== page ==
No country is experiencing greater difficulties in dealing with the Middle East refugee crisis than Germany. The big political parties are all at odds. The Christian Social Union, the sister party of Prime Minister Angela Merkel’s Christian Democratic Union, wants an upper ceiling on immigrants, compulsory integration for refugees and protection of borders. The Christian Democratic Union wants to police Europe’s borders more effectively and to combat the sources of the stream of refugees. Meanwhile, the Social Democratic Party is warning conservatives against fomenting panic, but doesn’t explain how. Interior Minister Thomas de Maizière is condemning general suspicions about refugees, but wants to deport the bad apples among them more quickly. Merkel continues to proclaim, “Wir schaffen das”—“we’ll get it done”—but is convincing fewer and fewer Germans that she will. Capping all the nonsense is the constant refrain of all the parties that a European solution is imperative, when they all know it will never happen.
In fact, Germany cannot find any support in Europe for its stance on the refugee question: in 2015 alone it accepted 1.1 million. Its partners are demonstratively distancing themselves from Berlin, a tendency that will become even more pronounced following the untoward events in the city of Cologne, where dozens of German women were sexually assaulted during a melee by over a thousand North African and Arab men on New Year’s Eve. Now everyone in Europe is talking about “the Cologne atmosphere,” which they would prefer to avoid.
The debate in Germany is being further stoked by all those who have to enforce the government’s wishy-washy line. The police, for example, are sounding alarms because they are understaffed and overwhelmed. Educators are sounding alarms because there aren’t enough instructors for introductory courses about living in Germany. Towns are sounding alarms because they’ve run out of room for more refugees. And it’s unclear how long sports facilities will be used as temporary hostels, because no one knows how many more refugees will arrive.
The result is dire: Europe’s Schengen system is on its deathbed. Asylum homes are attacked daily. And the authorities are shutting down online forums because of the viciousness of comments about asylum seekers.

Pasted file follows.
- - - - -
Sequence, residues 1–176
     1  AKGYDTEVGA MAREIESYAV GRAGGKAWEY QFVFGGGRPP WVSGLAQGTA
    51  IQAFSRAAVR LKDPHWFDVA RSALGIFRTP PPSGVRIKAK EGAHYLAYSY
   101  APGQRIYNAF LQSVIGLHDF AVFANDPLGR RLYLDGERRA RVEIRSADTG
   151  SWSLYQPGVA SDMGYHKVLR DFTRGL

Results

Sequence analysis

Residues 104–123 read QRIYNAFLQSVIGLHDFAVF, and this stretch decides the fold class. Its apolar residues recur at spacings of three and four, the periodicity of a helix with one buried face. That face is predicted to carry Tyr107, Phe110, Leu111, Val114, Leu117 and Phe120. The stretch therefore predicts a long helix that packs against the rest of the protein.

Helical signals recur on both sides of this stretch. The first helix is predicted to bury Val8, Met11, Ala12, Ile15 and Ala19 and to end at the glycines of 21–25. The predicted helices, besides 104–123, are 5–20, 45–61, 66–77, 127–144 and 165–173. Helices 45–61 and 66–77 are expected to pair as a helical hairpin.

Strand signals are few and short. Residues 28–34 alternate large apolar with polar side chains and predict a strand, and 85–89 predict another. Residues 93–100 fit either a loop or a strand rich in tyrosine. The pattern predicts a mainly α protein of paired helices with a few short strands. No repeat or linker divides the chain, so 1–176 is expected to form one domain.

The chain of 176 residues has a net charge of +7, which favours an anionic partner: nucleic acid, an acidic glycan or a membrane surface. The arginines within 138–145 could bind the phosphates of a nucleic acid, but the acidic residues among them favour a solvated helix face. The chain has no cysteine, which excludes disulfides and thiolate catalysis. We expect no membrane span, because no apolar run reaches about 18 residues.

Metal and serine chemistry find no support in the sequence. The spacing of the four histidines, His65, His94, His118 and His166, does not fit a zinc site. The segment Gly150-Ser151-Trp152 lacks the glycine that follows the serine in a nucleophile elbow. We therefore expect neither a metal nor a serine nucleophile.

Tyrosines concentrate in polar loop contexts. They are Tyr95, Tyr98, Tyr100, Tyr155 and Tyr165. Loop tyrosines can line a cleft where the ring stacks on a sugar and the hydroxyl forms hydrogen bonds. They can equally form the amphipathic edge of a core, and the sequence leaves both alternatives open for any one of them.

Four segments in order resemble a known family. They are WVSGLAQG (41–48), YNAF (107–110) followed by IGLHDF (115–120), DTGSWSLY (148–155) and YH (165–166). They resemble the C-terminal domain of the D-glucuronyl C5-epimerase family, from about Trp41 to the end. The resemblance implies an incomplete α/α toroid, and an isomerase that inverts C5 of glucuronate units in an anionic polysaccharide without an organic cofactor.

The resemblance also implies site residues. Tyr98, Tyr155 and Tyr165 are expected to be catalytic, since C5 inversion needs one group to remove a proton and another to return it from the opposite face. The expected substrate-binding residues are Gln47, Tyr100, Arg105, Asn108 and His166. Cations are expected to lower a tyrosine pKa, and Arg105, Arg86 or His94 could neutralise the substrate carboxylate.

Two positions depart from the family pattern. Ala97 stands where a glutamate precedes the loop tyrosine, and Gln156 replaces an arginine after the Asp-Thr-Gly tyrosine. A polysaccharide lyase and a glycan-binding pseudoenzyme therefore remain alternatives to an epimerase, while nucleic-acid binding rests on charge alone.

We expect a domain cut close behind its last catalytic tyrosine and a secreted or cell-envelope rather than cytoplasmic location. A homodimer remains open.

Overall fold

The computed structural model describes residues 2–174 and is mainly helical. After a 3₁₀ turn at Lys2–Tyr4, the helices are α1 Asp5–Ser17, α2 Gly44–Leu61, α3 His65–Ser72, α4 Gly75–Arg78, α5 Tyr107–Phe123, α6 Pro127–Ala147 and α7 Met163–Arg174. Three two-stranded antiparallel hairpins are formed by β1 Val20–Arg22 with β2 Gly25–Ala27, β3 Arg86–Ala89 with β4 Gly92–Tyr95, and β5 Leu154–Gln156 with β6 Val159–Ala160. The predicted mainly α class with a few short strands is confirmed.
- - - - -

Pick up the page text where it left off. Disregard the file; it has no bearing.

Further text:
But a return to the cozy pre-refugee era is out of the question. The refugees are here. They have to be integrated. But the way forward is shrouded in fog. At the same time, sober discussion of the problem is impossible. The moral and political faction that represents what might be called Germany’s “welcome culture” rigorously throttles any attempt to discern a connection between refugees and the danger of Islamic terror. This became particularly clear after the recent attacks in Paris.
But since the attacks, it has become clear that at least two of the suspected terrorists traveled into Europe via refugee routes. The men may have used false Syrian passports and simply pretended to be refugees. For the German public and security services, this came as a shock. Such a possibility they had derogated as an “abstract danger” for which they were no “concrete indications.” The path, we were told, was too far for potential terrorists. It was too dangerous. It wasn’t well-suited for transporting the necessary equipment to carry out an attack. And so on. Even today, thousands of refugees are living in Germany who were never registered upon arrival.
The skeptics of today’s refugee policy—the term “concerned citizens” is now being used as a term of aspersion by the pro-refugee faction—are not represented by any party in parliament, but are announcing themselves with increasing vigor in the media and in opinion polls. Still, according to a poll by the Allensbach Institute, nearly half of all Germans are afraid to voice their opinion about the refugee crisis. Germany, you could say, is divided once again. One side has fear of Überfremdung (over-foreignization), of Islam, of radicalization, of limitless immigration. Their opponents have opened their hearts to the refugees and believe in their ability to integrate into German society.
Is suppression at play here? That would revive a nasty theme in German history. After the Second World War, the crimes of the Third Reich were suppressed. During the Cold War, many did not want to acknowledge the crimes of the Communists. Are Germans now suppressing what awaits their country thanks to the high number of immigrants?
Malte Lehming is an editor at Der Tagesspiegel in Berlin.
Image: Wikimedia Commons/Armin Linnartz.